The nurse appeared in the door, the baby in her arms. “Here’s your girl, Mrs. Glover,” she said brightly.

“I am NOT Mrs. Glover!” Mrs. Schmidt fairly shouted, “and I DON’T have a girl!”

When Jesus calls us there is never a case of ‘mistaken identity.’ He knows who we are and everything peculiar to us personally. To Him we are all unique and He calls us in ways suited to our particular needs. He is a Friend who knows us, and our characteristics through and through.

Have you ever found yourself in a crowd holding a hand, thinking it was your husband’s…only to discover, much to your chagrin, that it belonged to some other man? When we walk with Jesus, with our hand in His, we are promised again and again that we shall “not be ashamed.”

When the Lord speaks MY NAME, it is tailored for me, and for my need of the moment…even if there are million Margarets in the world!

He does the same for you. Listen for Him today.

Written by my friend, Margaret Penner Toews;
first published in Canaquest Friendship Newsletter for Women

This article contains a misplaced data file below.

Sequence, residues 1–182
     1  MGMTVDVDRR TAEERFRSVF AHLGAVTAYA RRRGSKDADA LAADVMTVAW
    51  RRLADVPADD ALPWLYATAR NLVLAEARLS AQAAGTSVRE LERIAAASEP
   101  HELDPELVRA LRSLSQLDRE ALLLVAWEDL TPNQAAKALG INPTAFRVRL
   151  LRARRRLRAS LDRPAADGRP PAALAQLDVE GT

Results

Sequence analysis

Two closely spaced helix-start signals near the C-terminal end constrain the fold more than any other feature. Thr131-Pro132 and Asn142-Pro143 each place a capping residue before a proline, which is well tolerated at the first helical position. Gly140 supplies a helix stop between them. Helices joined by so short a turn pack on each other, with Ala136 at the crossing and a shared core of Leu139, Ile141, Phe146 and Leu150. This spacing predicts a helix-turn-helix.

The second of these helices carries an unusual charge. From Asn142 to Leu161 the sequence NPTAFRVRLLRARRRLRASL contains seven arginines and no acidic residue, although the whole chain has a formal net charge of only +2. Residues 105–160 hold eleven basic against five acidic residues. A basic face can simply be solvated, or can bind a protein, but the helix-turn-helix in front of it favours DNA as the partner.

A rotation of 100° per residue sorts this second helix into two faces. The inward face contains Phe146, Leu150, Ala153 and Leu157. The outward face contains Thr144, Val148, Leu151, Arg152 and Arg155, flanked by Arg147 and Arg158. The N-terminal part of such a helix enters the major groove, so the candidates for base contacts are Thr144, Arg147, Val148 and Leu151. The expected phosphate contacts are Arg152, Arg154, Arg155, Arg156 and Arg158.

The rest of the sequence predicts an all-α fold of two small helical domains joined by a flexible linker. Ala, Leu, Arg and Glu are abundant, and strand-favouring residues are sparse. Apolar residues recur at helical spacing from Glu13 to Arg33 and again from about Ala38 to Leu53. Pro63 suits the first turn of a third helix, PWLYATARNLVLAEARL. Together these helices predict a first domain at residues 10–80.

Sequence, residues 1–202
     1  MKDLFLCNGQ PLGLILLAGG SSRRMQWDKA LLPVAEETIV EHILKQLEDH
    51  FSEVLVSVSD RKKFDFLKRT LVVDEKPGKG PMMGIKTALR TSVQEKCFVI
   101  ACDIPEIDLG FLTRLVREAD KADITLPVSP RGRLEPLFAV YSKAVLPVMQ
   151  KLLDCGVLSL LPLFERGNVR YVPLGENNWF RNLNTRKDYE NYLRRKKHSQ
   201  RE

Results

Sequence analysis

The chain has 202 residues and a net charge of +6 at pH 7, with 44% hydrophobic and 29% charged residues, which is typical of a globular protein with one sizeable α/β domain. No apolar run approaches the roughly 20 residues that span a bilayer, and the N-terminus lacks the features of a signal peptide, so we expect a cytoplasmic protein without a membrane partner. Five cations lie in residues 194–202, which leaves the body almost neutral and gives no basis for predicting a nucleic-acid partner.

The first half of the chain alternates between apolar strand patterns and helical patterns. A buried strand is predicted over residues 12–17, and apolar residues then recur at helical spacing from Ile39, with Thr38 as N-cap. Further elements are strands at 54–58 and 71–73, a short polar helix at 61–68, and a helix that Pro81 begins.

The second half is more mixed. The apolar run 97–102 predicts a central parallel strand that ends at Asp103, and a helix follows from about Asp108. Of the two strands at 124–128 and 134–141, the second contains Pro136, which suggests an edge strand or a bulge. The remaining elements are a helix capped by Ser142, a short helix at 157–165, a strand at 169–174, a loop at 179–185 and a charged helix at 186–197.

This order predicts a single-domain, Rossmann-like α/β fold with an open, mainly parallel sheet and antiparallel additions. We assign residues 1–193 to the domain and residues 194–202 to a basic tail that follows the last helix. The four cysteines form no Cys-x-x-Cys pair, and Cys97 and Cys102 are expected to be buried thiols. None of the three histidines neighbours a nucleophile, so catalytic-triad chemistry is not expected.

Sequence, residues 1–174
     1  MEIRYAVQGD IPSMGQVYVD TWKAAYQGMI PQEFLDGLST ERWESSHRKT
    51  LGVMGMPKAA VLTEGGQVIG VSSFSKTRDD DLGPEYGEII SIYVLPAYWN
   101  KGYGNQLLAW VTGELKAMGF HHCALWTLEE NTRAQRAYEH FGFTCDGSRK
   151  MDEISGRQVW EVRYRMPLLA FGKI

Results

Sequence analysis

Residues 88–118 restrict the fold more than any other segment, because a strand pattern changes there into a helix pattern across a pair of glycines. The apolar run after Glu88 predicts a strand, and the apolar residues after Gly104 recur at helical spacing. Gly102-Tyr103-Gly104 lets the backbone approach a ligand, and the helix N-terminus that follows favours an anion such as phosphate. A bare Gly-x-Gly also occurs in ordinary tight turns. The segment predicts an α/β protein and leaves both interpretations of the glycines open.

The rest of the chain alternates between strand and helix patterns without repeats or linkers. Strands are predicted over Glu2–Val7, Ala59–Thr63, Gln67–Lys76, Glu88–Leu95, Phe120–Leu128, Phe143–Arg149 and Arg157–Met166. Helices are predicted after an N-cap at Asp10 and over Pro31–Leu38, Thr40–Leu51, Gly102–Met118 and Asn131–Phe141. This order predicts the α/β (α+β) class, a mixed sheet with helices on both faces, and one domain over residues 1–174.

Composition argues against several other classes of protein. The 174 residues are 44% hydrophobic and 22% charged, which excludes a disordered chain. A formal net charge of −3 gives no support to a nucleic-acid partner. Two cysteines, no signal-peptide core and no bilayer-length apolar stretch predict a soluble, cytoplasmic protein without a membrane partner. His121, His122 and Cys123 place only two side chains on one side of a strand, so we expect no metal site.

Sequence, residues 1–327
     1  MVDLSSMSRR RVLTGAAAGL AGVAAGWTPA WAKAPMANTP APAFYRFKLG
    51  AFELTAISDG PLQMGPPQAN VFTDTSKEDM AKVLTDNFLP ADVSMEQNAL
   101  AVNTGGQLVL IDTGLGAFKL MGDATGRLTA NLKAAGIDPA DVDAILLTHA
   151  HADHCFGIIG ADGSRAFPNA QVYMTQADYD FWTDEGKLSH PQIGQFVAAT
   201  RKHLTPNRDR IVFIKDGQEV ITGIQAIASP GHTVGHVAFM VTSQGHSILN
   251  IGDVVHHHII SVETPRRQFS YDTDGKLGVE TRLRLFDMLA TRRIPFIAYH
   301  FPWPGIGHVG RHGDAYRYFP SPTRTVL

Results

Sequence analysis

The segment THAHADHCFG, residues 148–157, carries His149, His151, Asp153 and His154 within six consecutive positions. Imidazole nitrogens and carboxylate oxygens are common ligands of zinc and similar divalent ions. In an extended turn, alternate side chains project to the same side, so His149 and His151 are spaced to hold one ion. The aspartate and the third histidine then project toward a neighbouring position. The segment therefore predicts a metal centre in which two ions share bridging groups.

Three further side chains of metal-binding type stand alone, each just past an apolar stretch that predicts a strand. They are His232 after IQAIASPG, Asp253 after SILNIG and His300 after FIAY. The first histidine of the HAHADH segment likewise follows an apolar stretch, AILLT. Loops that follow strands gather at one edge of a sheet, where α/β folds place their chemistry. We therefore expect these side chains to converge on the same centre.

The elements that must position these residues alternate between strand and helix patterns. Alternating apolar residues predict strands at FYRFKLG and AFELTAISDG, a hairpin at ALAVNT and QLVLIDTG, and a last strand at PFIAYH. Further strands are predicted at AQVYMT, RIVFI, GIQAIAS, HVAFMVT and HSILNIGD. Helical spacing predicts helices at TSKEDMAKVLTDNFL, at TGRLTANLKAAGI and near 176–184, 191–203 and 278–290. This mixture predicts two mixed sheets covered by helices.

Guilty As Charged, Your Honor

Our exercise on The Write Practice (see link at right) today was to tell about an adventure we had while traveling,  focusing on one particular scene during the trip. So here’s a small part of our adventure when I went with my daughter to Mississippi for a Teachers’ Prep Class. Hope it gives you a smile.
(Hope I don’t get a very belated ticket in the mail. ☺ What’s the US Statute of Limitations for driving offenses?)

Back in ‘95 our daughter wanted to go to a week-long workshop for teachers — the event being held in Mississippi, no less — and she didn’t want to drive all that way alone, so I accompanied her and did most of the driving. We were living in Quebec at this time, so had two long days on the road, entering the US at Detroit and heading more or less straight south on Interstates.